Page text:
The Jan Aushadi scheme was launched in November 2008 by the Ministry of Chemicals and Fertilizers, with a view to make available quality medicines at affordable prices. It was renamed “Pradhanmantri Bharatiya JanAushadi Pariyojna’ by inserting ‘Bharatiya’ and by changing ‘Yojana’ to ‘Pariyojana (to say PBJP.)
Statement by Jan Swasthya Abhiyan
Jan Swasthya Abhiyan and All India Drug Action Network expressed their deep concern at the misuse of the public funded Pradhanmantri Bharatiya Jan Aushadi Pariyojna, for the promotion of the political party.
“It is extremely unfortunate that the labels of drugs dispersed through the Pradhanmantri Bharatiya Jan Aushadi Pariyojna, a flagship scheme of the government, highlight the name of BJP in saffron colour. The Jan Aushadi scheme’s website (http://janaushadhi.gov.in/index.aspx) also highlights the first letters of Pradhanmantri Bharatiya JanAushadi Pariyojna, in saffron. Clearly, a government website and products distributed through a publicly funded scheme are being used to highlight the name of the political party—BJP. This represents the gross misuse of public funds and is a willful disregard of Supreme Court directions on government advertisements”.
The Jan Aushadi scheme was launched in November 2008 by the Ministry of Chemicals and Fertilizers, with a view to make available quality medicines at affordable prices. The NDA government renamed it as Pradhanmantri Jan Aushadi Yojana. This was subsequently changed to “Pradhanmantri Bharatiya JanAushadi Pariyojna’ by inserting ‘Bharatiya’ and by changing ‘Yojana’ to ‘Pariyojana (to say PBJP.) Clearly, this was a blatant attempt to insert the acronym ‘BJP’ into the name of the scheme.
While the government can legitimately issue advertisements to convey information about welfare schemes, it is both unethical and illegal to carry advertisements – at public expense — about government schemes that seek to project a particular political party. Such an act, involving the use of public money for political advantage is a violation of Articles 14 and 21 of the Constitution of India.
The drug labels and websites highlighting BJP’s name in the Jan Aushadi Scheme is a gross misrepresentation as it conflates the ‘achievements’ of the government with that of a particular political party. The schemes and programmes of the government is a furtherance of the obligation under the Directive Principles of State Policy (enshrined in part IV of the Constitution). The Government is duty bound to take steps and measures to protect the health of the citizens which includes providing safe, effective and quality medicines at affordable cost. The Jan Aushadi Scheme is a means of implementing this. The highlighting of BJP’s name in saffron colour gives the message that the BJP is involved in running the scheme.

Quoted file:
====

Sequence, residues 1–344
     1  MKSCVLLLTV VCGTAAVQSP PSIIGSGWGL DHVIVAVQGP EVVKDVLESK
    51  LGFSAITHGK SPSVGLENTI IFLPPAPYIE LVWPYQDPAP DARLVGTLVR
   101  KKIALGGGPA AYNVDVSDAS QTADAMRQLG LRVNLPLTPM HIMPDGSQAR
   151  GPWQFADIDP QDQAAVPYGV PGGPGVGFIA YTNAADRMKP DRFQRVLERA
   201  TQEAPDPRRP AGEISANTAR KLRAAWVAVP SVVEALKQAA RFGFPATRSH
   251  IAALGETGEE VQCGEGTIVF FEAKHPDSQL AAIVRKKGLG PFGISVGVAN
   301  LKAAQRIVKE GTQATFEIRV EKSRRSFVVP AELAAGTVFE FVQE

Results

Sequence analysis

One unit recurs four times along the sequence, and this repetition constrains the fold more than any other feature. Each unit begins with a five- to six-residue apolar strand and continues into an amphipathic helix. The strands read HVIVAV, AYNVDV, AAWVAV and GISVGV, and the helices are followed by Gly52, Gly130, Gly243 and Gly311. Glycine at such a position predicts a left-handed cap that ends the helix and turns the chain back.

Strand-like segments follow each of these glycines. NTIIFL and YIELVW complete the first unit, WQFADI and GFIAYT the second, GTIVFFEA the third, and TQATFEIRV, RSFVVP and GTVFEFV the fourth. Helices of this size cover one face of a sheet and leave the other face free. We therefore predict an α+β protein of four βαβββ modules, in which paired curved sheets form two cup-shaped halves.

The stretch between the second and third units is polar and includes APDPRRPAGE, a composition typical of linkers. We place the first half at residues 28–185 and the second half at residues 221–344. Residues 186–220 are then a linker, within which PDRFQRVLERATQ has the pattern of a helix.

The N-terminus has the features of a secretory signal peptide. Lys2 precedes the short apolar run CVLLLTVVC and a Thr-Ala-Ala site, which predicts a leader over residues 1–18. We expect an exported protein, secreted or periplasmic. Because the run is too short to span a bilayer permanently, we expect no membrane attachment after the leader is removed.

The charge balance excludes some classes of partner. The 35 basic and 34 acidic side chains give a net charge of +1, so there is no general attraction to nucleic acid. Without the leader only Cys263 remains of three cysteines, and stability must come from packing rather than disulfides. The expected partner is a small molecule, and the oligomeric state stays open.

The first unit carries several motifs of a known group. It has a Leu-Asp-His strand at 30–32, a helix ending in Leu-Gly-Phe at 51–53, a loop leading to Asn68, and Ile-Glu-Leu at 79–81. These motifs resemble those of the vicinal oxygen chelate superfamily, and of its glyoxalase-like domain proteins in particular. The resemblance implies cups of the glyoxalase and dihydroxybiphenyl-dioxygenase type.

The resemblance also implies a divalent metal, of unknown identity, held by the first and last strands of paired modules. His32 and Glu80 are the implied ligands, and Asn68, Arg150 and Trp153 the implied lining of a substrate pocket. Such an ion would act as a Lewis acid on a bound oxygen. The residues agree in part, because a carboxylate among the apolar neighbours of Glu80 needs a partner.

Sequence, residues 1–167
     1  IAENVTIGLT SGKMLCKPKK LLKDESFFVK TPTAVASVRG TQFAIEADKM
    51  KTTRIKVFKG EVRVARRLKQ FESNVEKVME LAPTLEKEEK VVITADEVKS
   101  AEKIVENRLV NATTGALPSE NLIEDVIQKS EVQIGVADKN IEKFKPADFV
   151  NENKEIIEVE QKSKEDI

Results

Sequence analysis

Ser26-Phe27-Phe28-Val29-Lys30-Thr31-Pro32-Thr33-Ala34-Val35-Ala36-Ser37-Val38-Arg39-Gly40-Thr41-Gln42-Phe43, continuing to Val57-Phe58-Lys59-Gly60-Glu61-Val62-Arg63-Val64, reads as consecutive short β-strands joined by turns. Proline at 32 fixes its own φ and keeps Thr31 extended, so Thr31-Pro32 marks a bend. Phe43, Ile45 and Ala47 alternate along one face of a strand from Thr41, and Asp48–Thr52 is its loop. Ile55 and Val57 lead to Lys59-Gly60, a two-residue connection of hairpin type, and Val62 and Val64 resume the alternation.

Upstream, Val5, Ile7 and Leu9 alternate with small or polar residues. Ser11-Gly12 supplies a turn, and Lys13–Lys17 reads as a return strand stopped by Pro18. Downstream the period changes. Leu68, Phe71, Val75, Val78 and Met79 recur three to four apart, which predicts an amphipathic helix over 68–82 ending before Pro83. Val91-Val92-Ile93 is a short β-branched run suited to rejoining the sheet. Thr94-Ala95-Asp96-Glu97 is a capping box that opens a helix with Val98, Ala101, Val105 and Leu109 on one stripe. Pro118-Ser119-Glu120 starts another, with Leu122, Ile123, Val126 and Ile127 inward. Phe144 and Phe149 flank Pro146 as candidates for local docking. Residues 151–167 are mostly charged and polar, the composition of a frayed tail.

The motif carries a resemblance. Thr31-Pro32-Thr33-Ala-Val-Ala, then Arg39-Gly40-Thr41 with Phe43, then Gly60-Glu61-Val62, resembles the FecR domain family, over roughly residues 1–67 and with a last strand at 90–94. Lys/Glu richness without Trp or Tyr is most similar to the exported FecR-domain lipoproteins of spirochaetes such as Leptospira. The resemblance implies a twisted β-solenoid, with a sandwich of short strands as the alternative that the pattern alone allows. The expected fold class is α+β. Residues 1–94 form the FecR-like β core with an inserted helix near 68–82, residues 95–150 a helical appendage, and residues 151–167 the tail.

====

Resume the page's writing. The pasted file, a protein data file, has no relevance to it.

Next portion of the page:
The Supreme Court has — in Common Cause vs Union Of India on 18 March 2016 [https://indiankanoon.org/doc/177370809/] — banned the use of public office and public funds for personal, political or partisan purposes as clearly malafide, illegal and not permissible under the Constitution.
The Apex Court has also laid down, through the “The Government Advertisement (Content Regulation) Guidelines 2014”, that government advertisements have to maintain political neutrality and avoid glorification of a political party or political personality. Importantly it also mentions that the government must not give a positive impression of a party in power. Para 6(3)(iii) of the Guideline details the responsibility of the government while putting any content in the public domain. Para 6 (3) mentions:
“(iii)Advertisement materials must not:
(a) Mention the party in government by name;
(b) directly attack the views or actions of others in opposition;
(c) include party political symbol or logo or flag
(d) aim to influence public support for a political party, candidate for election; or
(e) refer to link to the websites of political parties or politicians”
Contrary to claims being made, the Jan Aushadi Scheme falls far short of the laudable intent to provide relief to poor patients reeling under the impact of spiralling drug prices. While there are over 6 lakh chemist outlets in the country, only a little over 3,000 outlets have been rolled out under the scheme. This represents just 0.5% of chemist outlets in the country. Reports also suggest that many of the outlets under the scheme face serious stock-outs of important medicines. It would have been far more desirable if more energy had been expended in strengthening the scheme rather than in finding ways to make the scheme a part of the propaganda campaign of a particular political party.
JSA urges the government to immediately revert to the earlier nomenclature of the Jan Aushadhi Scheme, recall the drug labels highlighting the name of BJP, reissue them without highlighting the name of a political party, and also to change the scheme’s logo on the website. Further, we urge the government to take appropriate steps to strengthen the Jan Aushadhi scheme so that real benefits accrue to a much larger number of patients.
The Jan Swasthya Abhiyan (JSA) was formed in 2001, with the coming together of 18 national networks working on public health.
Read their statement exposing ‘Modicare’ here- https://sabrangindia.in/article/exposing-mirage-%E2%80%98modicare%E2%80%99-jan-swasthya-abhiyan